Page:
U.K. Airlines Say Brexit Uncertainty Starting to Hurt Demand
(Bloomberg) -- After two years of insisting that Brexit has had no impact on flight bookings, U.K. airlines are starting to see the first evidence to suggest sales are taking a hit.
Virgin Atlantic Airways Ltd. and discount operator Jet2 have said demand is being depressed by the weaker pound, a trend that could deepen as U.K. political opposition threatens to derail the exit settlement that Prime Minister Theresa May has negotiated with the European Union.
Ryanair Holdings Plc also says it expects airlines to suffer as the lingering prospect of a no-deal Brexit roils sterling, though the Irish discount giant reckons that customers who have seen their spending power shrink may head in its direction.
Airlines are starting to speak out about the impact of a weaker pound even as the likelihood of disruption to flights recedes, with both the U.K. and EU saying in recent weeks that mechanisms are in place to ensure that planes carry on operating in a no-deal scenario.
Britons traditionally book summer vacations in the depths of winter, so the pound’s weakness could make sales for the Easter break an early casualty. That holiday starts April 19, three weeks after the U.K. is due to quit the EU.
Virgin Atlantic Chief Executive Officer Craig Kreeger wrote to the House of Commons transport committee on Wednesday saying the slide in sterling since the 2016 Brexit referendum “has already had a demonstrable impact on U.K. leisure demand as the cost of holidaying has increased.”
Kreeger warned that a further hit to the currency from a no-deal scenario split would put “further pressure on airlines” that pay fuel and and aircraft-leasing bills in dollars, while also inflicting significant damage on customers and the U.K. economy.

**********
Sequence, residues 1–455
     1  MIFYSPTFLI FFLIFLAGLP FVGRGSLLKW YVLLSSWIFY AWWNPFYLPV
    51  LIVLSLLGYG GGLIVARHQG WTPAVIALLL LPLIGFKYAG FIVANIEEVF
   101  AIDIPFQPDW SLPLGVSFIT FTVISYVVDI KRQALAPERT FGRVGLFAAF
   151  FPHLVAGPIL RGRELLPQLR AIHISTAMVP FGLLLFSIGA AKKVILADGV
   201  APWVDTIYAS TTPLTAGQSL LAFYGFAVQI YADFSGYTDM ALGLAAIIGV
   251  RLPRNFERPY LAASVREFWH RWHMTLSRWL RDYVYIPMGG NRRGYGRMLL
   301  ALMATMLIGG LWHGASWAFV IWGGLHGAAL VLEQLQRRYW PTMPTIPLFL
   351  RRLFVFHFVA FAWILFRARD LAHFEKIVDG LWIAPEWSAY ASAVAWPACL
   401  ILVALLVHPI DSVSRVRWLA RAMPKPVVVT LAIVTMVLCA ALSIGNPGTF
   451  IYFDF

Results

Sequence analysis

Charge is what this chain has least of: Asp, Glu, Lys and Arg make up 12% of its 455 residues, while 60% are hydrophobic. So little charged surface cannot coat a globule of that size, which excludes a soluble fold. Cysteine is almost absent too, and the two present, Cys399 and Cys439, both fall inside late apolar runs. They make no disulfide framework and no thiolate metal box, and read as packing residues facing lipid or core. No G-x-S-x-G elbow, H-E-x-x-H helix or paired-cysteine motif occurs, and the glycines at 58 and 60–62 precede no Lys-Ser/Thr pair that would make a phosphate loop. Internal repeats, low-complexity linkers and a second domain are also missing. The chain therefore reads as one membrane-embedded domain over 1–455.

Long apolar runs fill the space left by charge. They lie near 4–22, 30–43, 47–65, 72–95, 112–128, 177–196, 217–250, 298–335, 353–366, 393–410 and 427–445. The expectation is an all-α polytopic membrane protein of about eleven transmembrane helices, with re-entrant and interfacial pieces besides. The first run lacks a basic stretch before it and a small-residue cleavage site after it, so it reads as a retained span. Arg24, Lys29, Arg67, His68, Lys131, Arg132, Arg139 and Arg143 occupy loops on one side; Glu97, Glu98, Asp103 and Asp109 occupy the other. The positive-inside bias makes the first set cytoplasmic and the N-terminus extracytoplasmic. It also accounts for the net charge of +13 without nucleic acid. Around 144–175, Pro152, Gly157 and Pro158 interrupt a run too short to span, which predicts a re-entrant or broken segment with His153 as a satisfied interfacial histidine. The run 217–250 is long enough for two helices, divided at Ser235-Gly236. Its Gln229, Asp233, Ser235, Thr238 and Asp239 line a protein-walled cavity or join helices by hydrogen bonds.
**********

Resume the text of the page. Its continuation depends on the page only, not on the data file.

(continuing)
Jet2 parent Dart Group Plc is concerned an uncertain economic outlook related to Brexit will impact consumer spending in the medium term, it said in an earnings statement Nov. 15. The discount carrier draws most of its customers from less affluent areas around Manchester, Glasgow and its Leeds-Bradford airport headquarters, making it particularly sensitive to a spending pinch.
Dart fell 16 percent the day of the statement, as a spate of ministerial resignations in response to May’s draft Brexit plan sent the pound tumbling.
Ryanair Chief Marketing Officer Kenny Jacobs said in a briefing in London on Nov. 21 that all airlines should be concerned about the pound, while suggesting that it’s slide could push customers in its direction “because people will say they just need to book the cheapest flight.” While based in Dublin, the carrier counts Britain as its biggest market.
Amid the gloom, EasyJet Plc says bookings for its second half commencing April 1 are actually ahead of last year. CEO Johan Lundgren told Bloomberg Television last week he’s not concerned about the pound right now, with the Luton, England-based company partly insulated by currency hedges.
British Airways owner IAG SA said at a capital markets day on Nov. 2 that uncertainty around Brexit has so far not affected the underlying trading environment.
Tour operators TUI AG and Thomas Cook Group Plc also say U.K. bookings for next summer are higher. That suggests “demand is not diminishing despite the backdrop of Brexit,” TUI said in an email.
Thomas Cook’s assessment of post-Brexit demand was almost the only bright spot in a lackluster earnings update Tuesday as the London-based company reported that the summer heatwave in northern Europe had led millions to vacation at home, illustrating how fragile travel markets can be.
TUI and Cook may be benefiting as people seek to freeze the cost of a holiday by booking a package tour in anticipation of tougher times. Berenberg analyst Stuart Gordon said they could still suffer if the currency slump prompts Britons to make shorter foreign visits, stay at poorer quality hotels and spend less.
A sustained reduction in spending power could also lead some to eschew overseas breaks and opt for a “staycation,” a trend that ate into demand for airlines and holiday companies following the 2008 financial crisis, when Brits took 10 million fewer foreign breaks. Pre-crash levels were only reached again in 2016, according to the Office for National Statistics.
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